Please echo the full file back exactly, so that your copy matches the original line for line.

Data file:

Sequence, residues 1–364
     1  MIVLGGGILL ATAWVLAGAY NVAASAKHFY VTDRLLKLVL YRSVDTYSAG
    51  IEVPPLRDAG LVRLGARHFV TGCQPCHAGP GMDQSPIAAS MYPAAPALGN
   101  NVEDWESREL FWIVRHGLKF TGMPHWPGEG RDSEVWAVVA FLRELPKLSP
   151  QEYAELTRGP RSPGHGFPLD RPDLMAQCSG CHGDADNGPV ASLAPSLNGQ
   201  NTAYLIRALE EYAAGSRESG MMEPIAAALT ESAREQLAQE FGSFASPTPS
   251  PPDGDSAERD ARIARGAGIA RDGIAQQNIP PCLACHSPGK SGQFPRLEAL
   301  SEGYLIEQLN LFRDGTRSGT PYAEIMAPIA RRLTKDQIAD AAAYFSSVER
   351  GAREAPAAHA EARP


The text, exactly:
Sequence, residues 1–364
     1  MIVLGGGILL ATAWVLAGAY NVAASAKHFY VTDRLLKLVL YRSVDTYSAG
    51  IEVPPLRDAG LVRLGARHFV TGCQPCHAGP GMDQSPIAAS MYPAAPALGN
   101  NVEDWESREL FWIVRHGLKF TGMPHWPGEG RDSEVWAVVA FLRELPKLSP
   151  QEYAELTRGP RSPGHGFPLD RPDLMAQCSG CHGDADNGPV ASLAPSLNGQ
   201  NTAYLIRALE EYAAGSRESG MMEPIAAALT ESAREQLAQE FGSFASPTPS
   251  PPDGDSAERD ARIARGAGIA RDGIAQQNIP PCLACHSPGK SGQFPRLEAL
   301  SEGYLIEQLN LFRDGTRSGT PYAEIMAPIA RRLTKDQIAD AAAYFSSVER
   351  GAREAPAAHA EARP